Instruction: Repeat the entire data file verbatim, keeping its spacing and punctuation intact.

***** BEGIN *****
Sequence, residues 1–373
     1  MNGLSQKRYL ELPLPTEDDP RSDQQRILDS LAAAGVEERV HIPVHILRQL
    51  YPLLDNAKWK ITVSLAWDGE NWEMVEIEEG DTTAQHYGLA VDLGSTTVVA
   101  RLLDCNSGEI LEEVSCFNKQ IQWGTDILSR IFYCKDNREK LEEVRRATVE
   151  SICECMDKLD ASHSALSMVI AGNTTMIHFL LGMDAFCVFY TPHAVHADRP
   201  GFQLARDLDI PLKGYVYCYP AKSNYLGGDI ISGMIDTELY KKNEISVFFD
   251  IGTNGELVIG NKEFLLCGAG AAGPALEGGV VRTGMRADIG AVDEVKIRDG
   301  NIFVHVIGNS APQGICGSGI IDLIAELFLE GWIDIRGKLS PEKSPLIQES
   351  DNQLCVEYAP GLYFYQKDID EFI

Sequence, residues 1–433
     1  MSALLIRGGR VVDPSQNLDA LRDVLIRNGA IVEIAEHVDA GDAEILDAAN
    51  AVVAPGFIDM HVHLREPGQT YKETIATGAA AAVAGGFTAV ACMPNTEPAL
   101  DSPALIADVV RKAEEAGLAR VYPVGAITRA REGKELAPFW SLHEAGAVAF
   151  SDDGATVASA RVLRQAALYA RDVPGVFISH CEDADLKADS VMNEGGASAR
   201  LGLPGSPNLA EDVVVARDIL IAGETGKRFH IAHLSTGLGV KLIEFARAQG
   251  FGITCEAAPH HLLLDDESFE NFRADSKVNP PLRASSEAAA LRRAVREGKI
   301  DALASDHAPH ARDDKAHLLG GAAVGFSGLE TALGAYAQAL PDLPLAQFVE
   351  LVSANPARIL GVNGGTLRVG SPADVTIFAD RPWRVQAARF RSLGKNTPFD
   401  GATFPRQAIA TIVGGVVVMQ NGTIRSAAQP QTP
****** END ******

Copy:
Sequence, residues 1–373
     1  MNGLSQKRYL ELPLPTEDDP RSDQQRILDS LAAAGVEERV HIPVHILRQL
    51  YPLLDNAKWK ITVSLAWDGE NWEMVEIEEG DTTAQHYGLA VDLGSTTVVA
   101  RLLDCNSGEI LEEVSCFNKQ IQWGTDILSR IFYCKDNREK LEEVRRATVE
   151  SICECMDKLD ASHSALSMVI AGNTTMIHFL LGMDAFCVFY TPHAVHADRP
   201  GFQLARDLDI PLKGYVYCYP AKSNYLGGDI ISGMIDTELY KKNEISVFFD
   251  IGTNGELVIG NKEFLLCGAG AAGPALEGGV VRTGMRADIG AVDEVKIRDG
   301  NIFVHVIGNS APQGICGSGI IDLIAELFLE GWIDIRGKLS PEKSPLIQES
   351  DNQLCVEYAP GLYFYQKDID EFI

Sequence, residues 1–433
     1  MSALLIRGGR VVDPSQNLDA LRDVLIRNGA IVEIAEHVDA GDAEILDAAN
    51  AVVAPGFIDM HVHLREPGQT YKETIATGAA AAVAGGFTAV ACMPNTEPAL
   101  DSPALIADVV RKAEEAGLAR VYPVGAITRA REGKELAPFW SLHEAGAVAF
   151  SDDGATVASA RVLRQAALYA RDVPGVFISH CEDADLKADS VMNEGGASAR
   201  LGLPGSPNLA EDVVVARDIL IAGETGKRFH IAHLSTGLGV KLIEFARAQG
   251  FGITCEAAPH HLLLDDESFE NFRADSKVNP PLRASSEAAA LRRAVREGKI
   301  DALASDHAPH ARDDKAHLLG GAAVGFSGLE TALGAYAQAL PDLPLAQFVE
   351  LVSANPARIL GVNGGTLRVG SPADVTIFAD RPWRVQAARF RSLGKNTPFD
   401  GATFPRQAIA TIVGGVVVMQ NGTIRSAAQP QTP